One of the biggest thrills of my life was to fly it in a "command performance" for a girl named Gleda at NARAM 49. :D She loved it.

I like the Barbie too.

Thanks. I'm gonna try and have the kitty ready right after Easter for the rollout of the program. Its called Holy Smokes.
 

Peartree

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John,

I've been thinking of a similar outreach program. Let me know how it goes. Around here, whenever I mention rockets in church I can see lot of eyes rolling...;)
 

foose4string

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Preacher,

Here's a Polly Pocket Rocket my daughter and I did a couple years ago. It's a Quest Payloader One, although Gus' scratch builds are too cool.

polly-doll.jpg


polly-payload.jpg
 

Pem Tech

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wasn't this one, was it?



Not sure where we got the picture (maybe from the Vatsaas Bros?).

*SNARK*
Oh, I have to build one of those....
Maybe Trudy will forgive me.
:D
 

foose4string

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John,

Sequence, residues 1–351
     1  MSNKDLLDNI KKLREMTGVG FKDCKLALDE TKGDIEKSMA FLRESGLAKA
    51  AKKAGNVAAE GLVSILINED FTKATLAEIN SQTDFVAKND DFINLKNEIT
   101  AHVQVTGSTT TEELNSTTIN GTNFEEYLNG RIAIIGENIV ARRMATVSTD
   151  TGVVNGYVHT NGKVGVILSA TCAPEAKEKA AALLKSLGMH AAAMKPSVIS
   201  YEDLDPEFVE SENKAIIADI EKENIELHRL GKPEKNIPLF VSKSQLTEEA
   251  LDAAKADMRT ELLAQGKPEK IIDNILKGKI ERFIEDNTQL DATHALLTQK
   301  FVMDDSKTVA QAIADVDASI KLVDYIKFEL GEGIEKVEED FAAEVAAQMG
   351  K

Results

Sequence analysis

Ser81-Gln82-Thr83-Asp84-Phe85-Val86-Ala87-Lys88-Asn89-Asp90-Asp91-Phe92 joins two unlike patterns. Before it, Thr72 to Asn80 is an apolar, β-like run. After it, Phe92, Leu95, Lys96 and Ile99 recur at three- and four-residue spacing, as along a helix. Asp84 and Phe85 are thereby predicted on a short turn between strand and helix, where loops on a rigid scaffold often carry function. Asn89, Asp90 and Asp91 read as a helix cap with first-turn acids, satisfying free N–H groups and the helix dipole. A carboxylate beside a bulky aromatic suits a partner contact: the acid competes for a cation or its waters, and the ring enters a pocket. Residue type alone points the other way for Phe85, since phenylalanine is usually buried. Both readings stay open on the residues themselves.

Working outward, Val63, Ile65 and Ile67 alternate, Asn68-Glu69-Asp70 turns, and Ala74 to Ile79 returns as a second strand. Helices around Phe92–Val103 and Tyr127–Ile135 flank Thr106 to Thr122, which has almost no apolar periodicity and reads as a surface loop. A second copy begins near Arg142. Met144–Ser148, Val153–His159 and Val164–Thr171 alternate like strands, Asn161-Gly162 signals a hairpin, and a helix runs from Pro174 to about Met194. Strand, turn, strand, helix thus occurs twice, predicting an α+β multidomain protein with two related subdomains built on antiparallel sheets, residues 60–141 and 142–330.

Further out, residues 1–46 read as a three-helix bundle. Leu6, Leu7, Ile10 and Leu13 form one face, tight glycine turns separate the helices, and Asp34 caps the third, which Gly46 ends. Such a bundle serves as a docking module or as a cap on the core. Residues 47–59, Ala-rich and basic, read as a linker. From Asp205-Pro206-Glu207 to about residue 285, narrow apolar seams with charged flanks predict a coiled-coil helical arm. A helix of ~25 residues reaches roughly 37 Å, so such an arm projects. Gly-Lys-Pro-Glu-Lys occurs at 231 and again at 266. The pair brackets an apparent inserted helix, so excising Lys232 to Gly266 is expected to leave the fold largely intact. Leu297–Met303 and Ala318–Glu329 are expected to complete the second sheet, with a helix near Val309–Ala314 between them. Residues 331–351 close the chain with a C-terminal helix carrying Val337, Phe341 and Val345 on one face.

I'd be thrilled if you (or anybody else) copied it. That's why I put the PDFs on EMRR. As I make note of in the build article on EMRR, the kid's shampoo aisle at any of the big box stores is a great source of kid-friendly nose cones. The holes in the tops of the shampoo bottles are almost perfect BT-50 sized. Very easy to convert to rocketry, and really cheap.

Here's another rocket that the girls really like. I call it the Barbie Chucker but for a church group I'd probably call it something a little different. :rolleyes: Barbie ejects at about 400 feet on her own chute. Always really fun.

One of the biggest thrills of my life was to fly it in a "command performance" for a girl named Gleda at NARAM 49. :D She loved it.
Steve, how do you get the Barbie to eject from the payload area? And, that chute looks interesting...any close ups of that chute?
 

Pippen

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I like the Barbie too.

Thanks. I'm gonna try and have the kitty ready right after Easter for the rollout of the program. Its called Holy Smokes.